#FatIsNotAFeeling: Student Catherine Weingarten launched the Change.org petition against Facebook. Photo: Facebook
After heavy online pressure and a Change.org petition that garnered over 16,000 signatures, Facebook have removed a double-chinned 'feeling fat' emoticon from their status option drop-down box, acknowledging that it "could reinforce negative body image".
The company also reportedly removed a "feeling ugly" emoticon from the drop-down menu.
"We've heard from our community that listing 'feeling fat' as an option for status updates could reinforce negative body image, particularly for people struggling with eating disorders," Facebook noted in a statement yesterday. "So we're going to remove 'feeling fat' from the list of options. We'll continue to listen to feedback as we think about ways to help people express themselves on Facebook."
Success! @Facebook has removed the "I feel fat" emoticon! BIG Congrats to all the EB teams & our thousands of supporters! #fatisnotafeeling — Endangered Bodies (@EndangeredBodys) March 10, 2015
VICTORY! Facebook responds to #FatIsNotaFeeling petition & agrees to remove 'fat' emoticon: http://t.co/2CjT5QrFFQ pic.twitter.com/Xztz7lDTWc — Shelby Knox (@ShelbyKnox) March 10, 2015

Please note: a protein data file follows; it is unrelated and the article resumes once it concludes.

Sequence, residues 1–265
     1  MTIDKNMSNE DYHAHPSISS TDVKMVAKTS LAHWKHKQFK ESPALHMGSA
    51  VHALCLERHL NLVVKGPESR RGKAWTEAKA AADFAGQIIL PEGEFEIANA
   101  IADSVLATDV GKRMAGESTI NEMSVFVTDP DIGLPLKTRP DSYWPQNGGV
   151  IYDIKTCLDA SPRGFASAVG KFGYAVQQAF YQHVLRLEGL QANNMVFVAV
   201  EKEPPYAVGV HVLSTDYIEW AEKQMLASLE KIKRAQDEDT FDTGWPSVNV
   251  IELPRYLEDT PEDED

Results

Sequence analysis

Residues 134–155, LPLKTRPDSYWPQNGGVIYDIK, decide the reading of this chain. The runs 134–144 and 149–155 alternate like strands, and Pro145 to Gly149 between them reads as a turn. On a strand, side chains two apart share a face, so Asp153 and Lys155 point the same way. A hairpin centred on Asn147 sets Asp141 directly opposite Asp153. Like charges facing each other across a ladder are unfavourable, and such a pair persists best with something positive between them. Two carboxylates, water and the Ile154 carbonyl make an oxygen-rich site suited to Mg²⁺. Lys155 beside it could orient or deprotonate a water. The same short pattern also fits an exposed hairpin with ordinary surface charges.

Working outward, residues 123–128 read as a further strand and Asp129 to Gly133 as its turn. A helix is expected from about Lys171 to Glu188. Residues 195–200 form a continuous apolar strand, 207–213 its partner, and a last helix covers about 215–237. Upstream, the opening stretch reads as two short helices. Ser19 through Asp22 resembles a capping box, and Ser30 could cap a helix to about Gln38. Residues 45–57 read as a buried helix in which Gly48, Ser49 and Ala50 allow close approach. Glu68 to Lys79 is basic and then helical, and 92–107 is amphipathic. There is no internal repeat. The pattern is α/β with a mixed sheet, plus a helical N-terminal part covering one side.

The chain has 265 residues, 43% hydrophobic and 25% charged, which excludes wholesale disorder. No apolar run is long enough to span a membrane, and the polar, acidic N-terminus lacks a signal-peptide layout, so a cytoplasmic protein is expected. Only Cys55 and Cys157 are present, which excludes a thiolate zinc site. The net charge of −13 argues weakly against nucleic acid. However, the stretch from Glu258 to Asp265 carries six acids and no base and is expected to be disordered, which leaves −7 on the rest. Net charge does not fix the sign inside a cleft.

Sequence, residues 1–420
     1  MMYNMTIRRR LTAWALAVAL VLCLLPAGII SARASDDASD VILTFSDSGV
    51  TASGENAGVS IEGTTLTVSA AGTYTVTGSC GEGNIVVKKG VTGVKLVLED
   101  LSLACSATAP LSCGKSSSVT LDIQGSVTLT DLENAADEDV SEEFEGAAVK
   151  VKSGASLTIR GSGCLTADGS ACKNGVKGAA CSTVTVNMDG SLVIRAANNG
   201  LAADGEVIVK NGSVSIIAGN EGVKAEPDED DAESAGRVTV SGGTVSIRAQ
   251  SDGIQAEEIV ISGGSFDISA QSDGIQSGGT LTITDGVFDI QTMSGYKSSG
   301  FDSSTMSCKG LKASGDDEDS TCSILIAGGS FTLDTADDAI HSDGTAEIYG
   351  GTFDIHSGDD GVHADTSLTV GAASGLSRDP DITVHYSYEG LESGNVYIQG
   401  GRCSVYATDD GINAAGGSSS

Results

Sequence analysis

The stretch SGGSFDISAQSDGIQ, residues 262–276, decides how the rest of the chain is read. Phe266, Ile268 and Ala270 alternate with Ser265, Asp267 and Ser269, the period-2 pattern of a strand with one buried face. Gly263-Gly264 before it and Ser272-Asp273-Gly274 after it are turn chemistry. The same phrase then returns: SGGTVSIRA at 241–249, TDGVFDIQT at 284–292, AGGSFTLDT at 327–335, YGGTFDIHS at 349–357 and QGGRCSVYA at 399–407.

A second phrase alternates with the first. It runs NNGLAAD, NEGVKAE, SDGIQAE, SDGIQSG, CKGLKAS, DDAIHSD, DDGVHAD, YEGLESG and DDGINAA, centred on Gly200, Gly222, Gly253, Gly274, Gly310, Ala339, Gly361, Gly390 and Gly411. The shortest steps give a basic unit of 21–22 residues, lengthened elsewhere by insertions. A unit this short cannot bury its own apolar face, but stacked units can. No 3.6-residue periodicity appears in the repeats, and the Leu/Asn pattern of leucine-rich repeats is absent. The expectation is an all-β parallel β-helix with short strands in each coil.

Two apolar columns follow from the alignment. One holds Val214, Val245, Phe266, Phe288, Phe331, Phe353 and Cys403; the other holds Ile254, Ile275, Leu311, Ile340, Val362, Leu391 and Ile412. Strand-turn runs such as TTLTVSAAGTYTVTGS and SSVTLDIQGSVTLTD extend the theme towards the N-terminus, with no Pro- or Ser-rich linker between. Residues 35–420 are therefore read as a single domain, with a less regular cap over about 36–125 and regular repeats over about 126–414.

The tech giant's decision is a win for online activists who've publicly campaigned for the removal of the status option with a Change.org petiton.
Urging followers to rally around the hashtag '#FatIsNotAFeeling', the petition was launched during last month's National Eating Disorders Awareness Week by Catherine Weingarten, a 24-year-old student from Philadelphia, and the body image group Endangered Bodies.
"When Facebook users set their status to 'feeling fat', they are making fun of people who consider themselves to be overweight, which can include many people with eating disorders. That is not ok," Weingarten wrote on the petition's website. "Join me in asking Facebook to remove the 'fat' emoji from their status options.
"Fat is not a feeling. Fat is a natural part of our bodies, no matter their weight. And all bodies deserve to be respected and cared for."
In a new post published yesterday, Weingarten noted being "thrilled" at Facebook's decision.
"This success shows us that people together can challenge the cultural messages that are so damaging to our ability to love ourselves and live comfortably in our bodies," she wrote. "As someone who struggled with body image, I feel so happy that I've helped eliminate one form of body shaming hatred on the internet."
Source: The Verge